CHURCH COMMISSIONERS

Clergy Pensions

35. Mr. Bill O'Brien: To ask the hon. Member for Middlesbrough, representing the Church Commissioners, what is the proportion of the annual Church Commissioners' revenue allocated to clergy pensions; and if he will make a statement. [101991]

Mr. Stuart Bell: In 1998 (the latest year for which figures are available), the Commissioners spent £85 million on clergy pension benefits. They also contributed £23 million to help dioceses take on the cost of pension contributions under the new clergy pension scheme established in 1998, as well as paying the contributions for clergy for whom the Commissioners are responsible. The total expenditure on pensions and pension contributions was £110 million, which was 69 per cent. of the Commissioners' overall expenditure.

Use of Church Buildings

36. Mr. Corbyn: To ask the hon. Member for Middlesbrough, representing the Church Commissioners, what the policy of the Commissioners is on co-operation with people of other faiths in the use of church buildings. [101992]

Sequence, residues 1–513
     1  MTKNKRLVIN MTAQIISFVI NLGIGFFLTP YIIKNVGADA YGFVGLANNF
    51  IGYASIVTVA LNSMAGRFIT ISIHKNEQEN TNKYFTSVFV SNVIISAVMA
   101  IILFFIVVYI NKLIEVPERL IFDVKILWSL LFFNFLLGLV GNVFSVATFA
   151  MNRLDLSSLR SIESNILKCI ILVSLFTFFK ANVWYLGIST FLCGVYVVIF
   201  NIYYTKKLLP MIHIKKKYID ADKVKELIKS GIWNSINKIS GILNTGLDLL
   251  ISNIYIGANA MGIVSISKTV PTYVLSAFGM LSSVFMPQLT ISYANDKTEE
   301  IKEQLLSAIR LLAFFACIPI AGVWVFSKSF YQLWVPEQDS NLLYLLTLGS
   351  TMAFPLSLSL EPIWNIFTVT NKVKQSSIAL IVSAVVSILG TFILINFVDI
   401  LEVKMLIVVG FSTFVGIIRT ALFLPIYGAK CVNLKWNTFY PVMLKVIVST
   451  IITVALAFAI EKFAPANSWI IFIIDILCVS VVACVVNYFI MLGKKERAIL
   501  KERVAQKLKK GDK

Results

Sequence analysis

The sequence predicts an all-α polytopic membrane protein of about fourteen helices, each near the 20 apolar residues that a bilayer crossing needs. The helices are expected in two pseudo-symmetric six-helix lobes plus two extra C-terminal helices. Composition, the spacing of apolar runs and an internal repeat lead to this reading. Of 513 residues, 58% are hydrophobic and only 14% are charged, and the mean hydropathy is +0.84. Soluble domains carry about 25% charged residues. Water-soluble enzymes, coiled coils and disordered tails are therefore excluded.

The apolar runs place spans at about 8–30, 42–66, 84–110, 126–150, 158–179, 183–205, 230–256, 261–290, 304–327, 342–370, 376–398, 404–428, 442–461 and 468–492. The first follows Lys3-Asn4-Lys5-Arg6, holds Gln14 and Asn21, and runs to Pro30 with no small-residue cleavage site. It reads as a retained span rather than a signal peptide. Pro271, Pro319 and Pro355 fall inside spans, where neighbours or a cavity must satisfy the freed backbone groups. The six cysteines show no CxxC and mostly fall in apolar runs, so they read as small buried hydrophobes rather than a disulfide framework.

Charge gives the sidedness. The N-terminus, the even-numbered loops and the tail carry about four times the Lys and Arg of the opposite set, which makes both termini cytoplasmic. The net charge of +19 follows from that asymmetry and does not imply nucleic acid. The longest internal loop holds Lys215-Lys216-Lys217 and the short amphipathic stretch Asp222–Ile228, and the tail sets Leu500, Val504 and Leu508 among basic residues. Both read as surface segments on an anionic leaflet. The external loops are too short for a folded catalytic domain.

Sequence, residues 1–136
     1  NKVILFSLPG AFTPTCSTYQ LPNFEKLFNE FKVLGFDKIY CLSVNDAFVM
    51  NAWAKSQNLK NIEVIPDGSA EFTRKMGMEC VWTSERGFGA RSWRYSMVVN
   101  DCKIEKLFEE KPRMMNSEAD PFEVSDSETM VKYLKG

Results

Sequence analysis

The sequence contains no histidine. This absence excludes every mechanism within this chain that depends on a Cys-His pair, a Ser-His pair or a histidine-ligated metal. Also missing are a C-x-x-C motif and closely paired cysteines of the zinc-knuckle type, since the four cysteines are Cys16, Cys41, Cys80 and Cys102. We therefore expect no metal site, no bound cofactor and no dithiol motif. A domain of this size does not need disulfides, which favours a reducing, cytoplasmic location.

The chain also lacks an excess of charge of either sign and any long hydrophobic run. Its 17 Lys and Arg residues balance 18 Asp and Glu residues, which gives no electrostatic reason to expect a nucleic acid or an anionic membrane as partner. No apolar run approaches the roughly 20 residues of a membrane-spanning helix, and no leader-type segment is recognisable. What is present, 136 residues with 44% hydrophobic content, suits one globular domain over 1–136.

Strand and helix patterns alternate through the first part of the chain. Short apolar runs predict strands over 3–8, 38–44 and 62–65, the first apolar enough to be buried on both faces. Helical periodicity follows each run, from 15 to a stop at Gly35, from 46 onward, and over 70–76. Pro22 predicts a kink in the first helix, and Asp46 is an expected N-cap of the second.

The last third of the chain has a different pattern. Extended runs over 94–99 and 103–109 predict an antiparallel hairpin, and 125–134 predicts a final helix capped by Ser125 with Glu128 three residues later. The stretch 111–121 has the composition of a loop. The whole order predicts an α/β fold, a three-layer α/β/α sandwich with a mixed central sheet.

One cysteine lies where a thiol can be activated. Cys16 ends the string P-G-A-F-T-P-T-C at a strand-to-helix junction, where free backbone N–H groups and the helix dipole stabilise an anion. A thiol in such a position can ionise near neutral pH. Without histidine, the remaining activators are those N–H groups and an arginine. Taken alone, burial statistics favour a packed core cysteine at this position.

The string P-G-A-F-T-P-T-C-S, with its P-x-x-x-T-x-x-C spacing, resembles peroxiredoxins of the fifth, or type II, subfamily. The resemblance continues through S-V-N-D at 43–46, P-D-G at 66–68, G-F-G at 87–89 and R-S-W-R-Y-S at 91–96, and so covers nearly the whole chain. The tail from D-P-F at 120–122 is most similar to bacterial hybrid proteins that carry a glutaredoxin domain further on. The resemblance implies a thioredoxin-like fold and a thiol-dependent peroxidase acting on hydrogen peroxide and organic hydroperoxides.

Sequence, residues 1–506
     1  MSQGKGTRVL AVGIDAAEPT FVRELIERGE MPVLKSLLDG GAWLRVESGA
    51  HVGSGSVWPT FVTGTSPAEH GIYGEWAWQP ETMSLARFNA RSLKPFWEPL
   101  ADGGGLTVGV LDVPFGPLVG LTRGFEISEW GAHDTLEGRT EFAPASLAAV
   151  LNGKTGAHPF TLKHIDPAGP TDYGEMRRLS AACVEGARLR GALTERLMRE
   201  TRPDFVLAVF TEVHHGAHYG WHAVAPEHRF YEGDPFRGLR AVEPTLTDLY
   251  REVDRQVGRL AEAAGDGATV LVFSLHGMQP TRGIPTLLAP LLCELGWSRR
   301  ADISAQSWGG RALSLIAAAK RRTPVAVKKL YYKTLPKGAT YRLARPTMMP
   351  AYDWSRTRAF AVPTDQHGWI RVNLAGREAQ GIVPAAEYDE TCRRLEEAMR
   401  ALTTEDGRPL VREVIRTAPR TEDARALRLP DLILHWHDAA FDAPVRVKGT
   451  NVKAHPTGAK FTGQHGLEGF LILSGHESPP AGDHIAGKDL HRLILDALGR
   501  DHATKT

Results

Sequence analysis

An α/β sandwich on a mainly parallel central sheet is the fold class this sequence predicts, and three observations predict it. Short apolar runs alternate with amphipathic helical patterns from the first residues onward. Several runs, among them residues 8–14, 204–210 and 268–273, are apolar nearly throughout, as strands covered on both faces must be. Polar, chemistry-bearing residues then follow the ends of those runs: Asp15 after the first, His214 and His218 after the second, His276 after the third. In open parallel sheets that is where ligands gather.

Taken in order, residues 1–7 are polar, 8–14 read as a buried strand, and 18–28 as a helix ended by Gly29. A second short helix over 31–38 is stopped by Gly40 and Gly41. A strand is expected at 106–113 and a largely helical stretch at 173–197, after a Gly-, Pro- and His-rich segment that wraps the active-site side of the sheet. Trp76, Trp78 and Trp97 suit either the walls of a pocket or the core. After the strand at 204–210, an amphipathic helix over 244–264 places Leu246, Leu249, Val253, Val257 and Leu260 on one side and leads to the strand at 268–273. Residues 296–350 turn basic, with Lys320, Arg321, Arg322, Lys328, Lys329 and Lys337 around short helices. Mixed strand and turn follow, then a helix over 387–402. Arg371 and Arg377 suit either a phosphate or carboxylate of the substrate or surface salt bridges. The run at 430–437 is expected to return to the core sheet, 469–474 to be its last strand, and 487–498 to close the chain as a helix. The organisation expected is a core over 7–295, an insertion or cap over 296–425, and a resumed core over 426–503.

Mr. Stuart Bell: Guidance on this issue is set out in "Communities and Buildings" by the General Synod Board of Mission. I have arranged for a copy to be placed in the House of Commons Library.

Mobile Telephone Antennae

37. Mr. Fabricant: To ask the hon. Member for Middlesbrough, representing the Church Commissioners, what assessment they have made of the benefits of allowing the use of church property for mobile telephone antennae. [101993]

20 Dec 1999 : Column: 355W